Binding With Placeholders in Javascript

Function.prototype.bind is incredibly useful for binding initial arguments, but sometimes we want to bind arguments at other indices. This post offers one simple implementation of binding with C++ inspired placeholders for Javascript.


Motivating Example

Consider a function dot2 that calculates the two-dimensional dot product.

var dot2 = function(x1, y1, x2, y2) {
    return (x1 * x2) + (y1 * y2);

Function.prototype.bind can only bind initial arguments, such as binding x1 or x1, y1, and x2. To bind arguments like y1 or x1 and x2, we need to change dot2. This is often accomplished by manually forwarding arguments using an anonymous function.

var dotForwarded = function(y1, y2) {
    return dot2(10, y1, 10, y2);

dotForwarded(2, 3); // 106

Placeholders are a cleaner and clearer solution:

var dot10xs = placeholder(dot2, 10, _, 10, _);

dot10xs(2, 3); // dot2(10, 2, 10, 3) // 106

dot10xs(5, -1); // dot2(10, 5, 10, -1) // 95

placeholder(dot10xs, 5)(4, null, 2); // dot2(10, 5, 10, 4, null, 2) // 120


placeholder takes a function f and a set of bound arguments. The bound arguments map argument indices to bound values, and may contains holes. For example, we can bind arguments at index 0 and 2, but leave index 1 open (along implicitly with all indices greater than 2). placeholder returns a function that fills in unbound arguments and forwards all arguments to f.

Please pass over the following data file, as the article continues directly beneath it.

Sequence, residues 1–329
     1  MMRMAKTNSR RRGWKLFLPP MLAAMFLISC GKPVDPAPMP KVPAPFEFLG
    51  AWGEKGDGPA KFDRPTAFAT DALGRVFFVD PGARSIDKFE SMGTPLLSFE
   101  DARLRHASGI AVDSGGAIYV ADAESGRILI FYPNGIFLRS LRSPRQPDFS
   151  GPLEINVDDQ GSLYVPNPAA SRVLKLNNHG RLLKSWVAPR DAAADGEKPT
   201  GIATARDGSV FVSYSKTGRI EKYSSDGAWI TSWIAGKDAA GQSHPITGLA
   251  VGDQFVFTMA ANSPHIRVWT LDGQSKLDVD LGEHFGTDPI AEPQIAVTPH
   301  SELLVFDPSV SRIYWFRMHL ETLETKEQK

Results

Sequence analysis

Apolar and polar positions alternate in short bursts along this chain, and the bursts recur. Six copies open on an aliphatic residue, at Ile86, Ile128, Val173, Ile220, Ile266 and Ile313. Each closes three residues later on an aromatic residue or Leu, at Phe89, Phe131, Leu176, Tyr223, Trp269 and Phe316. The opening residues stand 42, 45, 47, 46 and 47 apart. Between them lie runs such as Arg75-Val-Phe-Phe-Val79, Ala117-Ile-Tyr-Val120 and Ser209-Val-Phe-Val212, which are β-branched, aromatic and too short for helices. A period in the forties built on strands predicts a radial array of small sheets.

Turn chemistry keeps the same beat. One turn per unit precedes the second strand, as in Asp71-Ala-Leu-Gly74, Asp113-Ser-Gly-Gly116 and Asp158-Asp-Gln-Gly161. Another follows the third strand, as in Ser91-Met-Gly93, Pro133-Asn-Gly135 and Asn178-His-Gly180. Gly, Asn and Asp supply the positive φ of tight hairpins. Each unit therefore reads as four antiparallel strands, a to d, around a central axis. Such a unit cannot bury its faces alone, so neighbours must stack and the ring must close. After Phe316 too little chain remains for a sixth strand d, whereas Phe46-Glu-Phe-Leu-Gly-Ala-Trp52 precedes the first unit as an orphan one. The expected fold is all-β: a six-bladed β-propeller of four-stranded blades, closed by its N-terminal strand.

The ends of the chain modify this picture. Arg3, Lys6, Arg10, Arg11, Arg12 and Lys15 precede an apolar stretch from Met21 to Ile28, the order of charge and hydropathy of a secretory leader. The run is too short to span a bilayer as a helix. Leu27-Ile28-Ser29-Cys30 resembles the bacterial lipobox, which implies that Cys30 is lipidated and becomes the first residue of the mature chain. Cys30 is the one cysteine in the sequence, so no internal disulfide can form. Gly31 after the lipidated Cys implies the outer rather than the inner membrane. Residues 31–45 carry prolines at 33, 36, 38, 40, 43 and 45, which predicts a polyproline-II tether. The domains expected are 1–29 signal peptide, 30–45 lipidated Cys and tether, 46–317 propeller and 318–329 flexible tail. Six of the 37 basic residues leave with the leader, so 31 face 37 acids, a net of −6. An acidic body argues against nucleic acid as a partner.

Bound arguments are provided as initial arguments to placeholder. The index of a bound argument in the call to placeholder determines the index of the argument in f being bound.

We choose _ to identify a hole. The selection of _ is arbitrary, any identifier can be used but that identifier must identify a unique object. This ensures that all types of arguments, including falsy values and undefined, are supported.

var _ = {};

One possible implementation of placeholder is given here. This implementation uses iteration to merge the bound arguments and callee arguments, and Function.prototype.apply to invoke f.

var placeholder = function(f /*, ...*/) {
    var bound =, 1);
    return function(/*...*/) {
        var args = []; // Arguments to call f with.
        // Copy all bound elements into position
        for (var i = 0, len = bound.length; i < len; ++i)
            if (bound[i] !== _) // Skip holes
                 args[i] = bound[i];
        // Copy provided arguments into place
        var indx = 0;
        for (var i = 0, len = arguments.length; i < len; ++i) {
            // Skip already bound positions
            while (indx in args)
            // Add callee argument
            args[indx++] = arguments[i];
        // Call the function with the bound arguments.
        // You can easily adapt `placeholder` to bind `this`
        // like `Function.prototype.bind` but this implementation
        // ignores `this`.
        return f.apply(undefined, args);


This JSPerf shows placeholder has high overhead compared to manually forwarding arguments. Every call to a function using placeholder requires two function calls and a lot of iteration, array manipulation, and allocation.

Therefore, placeholder is probably not a good solution for small math functions like dot2. But for more substantial interfaces, placeholder can make code cleaner and eliminate a lot manual argument forwarding.